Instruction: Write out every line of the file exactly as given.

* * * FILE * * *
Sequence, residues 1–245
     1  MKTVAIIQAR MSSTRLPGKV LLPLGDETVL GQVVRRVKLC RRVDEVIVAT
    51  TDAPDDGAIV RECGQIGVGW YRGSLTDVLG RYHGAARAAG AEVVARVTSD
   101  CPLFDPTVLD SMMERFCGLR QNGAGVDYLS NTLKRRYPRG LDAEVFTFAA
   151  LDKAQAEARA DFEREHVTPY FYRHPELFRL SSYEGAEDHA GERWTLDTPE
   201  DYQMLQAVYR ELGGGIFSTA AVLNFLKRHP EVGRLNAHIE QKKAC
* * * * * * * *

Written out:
Sequence, residues 1–245
     1  MKTVAIIQAR MSSTRLPGKV LLPLGDETVL GQVVRRVKLC RRVDEVIVAT
    51  TDAPDDGAIV RECGQIGVGW YRGSLTDVLG RYHGAARAAG AEVVARVTSD
   101  CPLFDPTVLD SMMERFCGLR QNGAGVDYLS NTLKRRYPRG LDAEVFTFAA
   151  LDKAQAEARA DFEREHVTPY FYRHPELFRL SSYEGAEDHA GERWTLDTPE
   201  DYQMLQAVYR ELGGGIFSTA AVLNFLKRHP EVGRLNAHIE QKKAC